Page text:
Granted, this is not the first time in history something like this has happened, and I’m certain it won’t be the last. I’ve noticed an insurgence of the “Buy American” movement in the wake of this orange juice problem, and more people are now buying food, drink, and other American-made products instead of imported. The idea is that an American-made product follows the rules and regulations (hopefully) of our country and ensures some sense of safety and good health. Well, I’m all for that!

Do you really pay attention to everything you consume? What side of the fence are you on? Should brands like Coca-Cola be required to label their products accordingly?

Candice Jones

Candice is on the web team at QLP. She's extremely family-oriented and enjoys spending all of her free time with her daughter and family. She LOVES to shop and just experience life again through her daughter's eyes. There's nothing better than that in the world for her! You can also connect with Candice on Google+


  1. Eric

    EH…it’s a slippery slope. We likely get our oranges here for as long as we’re able, in-season, but once Florida starts getting a frost, we’ve got to go elsewhere. I’m sure we could strive towards higher standards and stricter limitations on our produce, possibly only using domestic sources for it, but the product would come at a premium and we’d pay dearly for it. Truthfully, I’ll take my chances with the oranges or any other produce. Give it a good rinse (believe they even sell a special veggie/fruit rinse at specialty home goods stores) and more likely than not the threat’s gone for the most part. I’d be more leery of all the products we use and consume whose names have multiple syllables and more consonants than they do vowels.

    Never thought about buying American as a way of maintaining higher food safety standards, but it’s a sure bet. There are things legal to sell and eat in Canada, etc. that the United States simply won’t allow because of the risk or possibility of a health hazard. We’re far more strict here with our food that the majority of other countries.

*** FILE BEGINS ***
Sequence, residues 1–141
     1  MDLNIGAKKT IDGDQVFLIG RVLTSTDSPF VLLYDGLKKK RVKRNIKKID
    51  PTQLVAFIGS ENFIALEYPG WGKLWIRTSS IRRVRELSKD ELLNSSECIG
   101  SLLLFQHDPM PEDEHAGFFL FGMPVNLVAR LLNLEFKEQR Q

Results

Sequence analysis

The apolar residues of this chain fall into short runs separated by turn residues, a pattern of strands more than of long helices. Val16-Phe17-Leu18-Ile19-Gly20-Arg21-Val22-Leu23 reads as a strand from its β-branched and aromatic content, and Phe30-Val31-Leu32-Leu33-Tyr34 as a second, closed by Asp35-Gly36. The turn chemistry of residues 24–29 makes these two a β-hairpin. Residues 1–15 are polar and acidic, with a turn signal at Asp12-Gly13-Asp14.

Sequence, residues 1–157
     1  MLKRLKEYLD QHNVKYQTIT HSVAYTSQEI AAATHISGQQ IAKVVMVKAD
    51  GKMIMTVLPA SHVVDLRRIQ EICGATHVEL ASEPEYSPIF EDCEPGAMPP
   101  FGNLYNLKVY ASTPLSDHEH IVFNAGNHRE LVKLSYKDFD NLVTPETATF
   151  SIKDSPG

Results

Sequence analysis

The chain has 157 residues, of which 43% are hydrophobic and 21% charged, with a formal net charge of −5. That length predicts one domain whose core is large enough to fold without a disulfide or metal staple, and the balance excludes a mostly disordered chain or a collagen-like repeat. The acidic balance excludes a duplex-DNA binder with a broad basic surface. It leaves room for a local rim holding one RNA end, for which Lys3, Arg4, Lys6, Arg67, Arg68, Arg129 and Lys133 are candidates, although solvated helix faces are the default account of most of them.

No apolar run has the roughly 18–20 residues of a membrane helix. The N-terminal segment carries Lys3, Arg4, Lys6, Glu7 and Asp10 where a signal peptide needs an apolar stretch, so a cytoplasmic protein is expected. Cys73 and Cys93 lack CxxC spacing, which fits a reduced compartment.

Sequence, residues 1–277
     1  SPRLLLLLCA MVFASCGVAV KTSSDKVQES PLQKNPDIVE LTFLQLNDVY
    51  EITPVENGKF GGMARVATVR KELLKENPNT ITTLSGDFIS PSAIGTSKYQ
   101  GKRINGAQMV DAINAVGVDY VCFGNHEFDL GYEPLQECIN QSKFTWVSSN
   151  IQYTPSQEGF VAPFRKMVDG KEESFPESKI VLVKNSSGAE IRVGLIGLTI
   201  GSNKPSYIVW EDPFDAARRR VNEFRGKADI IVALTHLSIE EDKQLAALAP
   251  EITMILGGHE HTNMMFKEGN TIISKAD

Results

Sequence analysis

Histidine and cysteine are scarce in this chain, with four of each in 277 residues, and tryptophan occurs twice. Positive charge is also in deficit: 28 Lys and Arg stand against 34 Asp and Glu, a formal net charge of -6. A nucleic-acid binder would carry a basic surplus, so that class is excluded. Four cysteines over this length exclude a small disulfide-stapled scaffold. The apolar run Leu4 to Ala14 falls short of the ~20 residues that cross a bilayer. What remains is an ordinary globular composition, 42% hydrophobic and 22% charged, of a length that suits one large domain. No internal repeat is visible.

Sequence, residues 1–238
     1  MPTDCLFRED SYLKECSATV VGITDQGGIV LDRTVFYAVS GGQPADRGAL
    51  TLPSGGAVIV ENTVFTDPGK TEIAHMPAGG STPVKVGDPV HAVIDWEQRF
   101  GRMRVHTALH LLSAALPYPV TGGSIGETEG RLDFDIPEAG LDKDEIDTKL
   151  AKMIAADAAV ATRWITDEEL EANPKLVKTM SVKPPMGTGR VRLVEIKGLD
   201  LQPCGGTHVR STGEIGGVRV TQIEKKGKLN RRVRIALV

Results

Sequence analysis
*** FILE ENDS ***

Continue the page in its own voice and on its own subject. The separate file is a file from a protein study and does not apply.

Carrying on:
Interesting stuff, Candice. I’ll probably pay a little more attention to where my produce is coming from!

    • Candice J.

      I didn’t really think of “buying American” until I read this article. I’m not really a huge fan of organic or this or that but having a child made me completely change my outlook. Now I know that’s sort of bad because I should be concerned with my health as well, but I’m an adult. I’ve lived 24 years eating this stuff so I’m not freaking out over me. But my daughter has only been eating solid non-organic table food for around 7 months. Her body isn’t used to the things I am and her immune system isn’t as strong as mine. It just raised my awareness as a consumer about what is really being marketed to us and what is in the things I bring into my home.

  2. Mandy Kilinskis

    I should probably pay better attention to what I eat. Usually I check the label for calories and sugars, and decide from there. I haven’t read every ingredient and then researched where products come from. I still probably won’t do that with everything, but I’m definitely going to try a little harder to make sure my produce is safe.

    • Candice J.

      I was the EXACT same way! And I will try to be more aware when I shop for myself but I know I have no other choice to be pro-active as a consumer when it comes to what my daughter eats.

  3. Rachel

    Yeahhh, I don’t pay nearly enough attention to the ingredients in the foods I eat, let alone what pesticides and fungicides are used in the growing process. Not to mention, Minute Maid is my favorite brand of orange juice, so if they found harmful things in it I’d be really bummed. 🙁

    All this reminds me of some of the books I read for a class in college about the food industry … there are definitely lots of things in our food and drink we don’t know about. Interesting post, Candice!

    • Candice J.

      Why thank you Rachel! I switched my daughter off Minute Maid Orange Juice just for the time being while I do more research. That was her favorite too so she was very bummed out let me tell you! I feel like food shopping should not be this difficult.

  4. Jen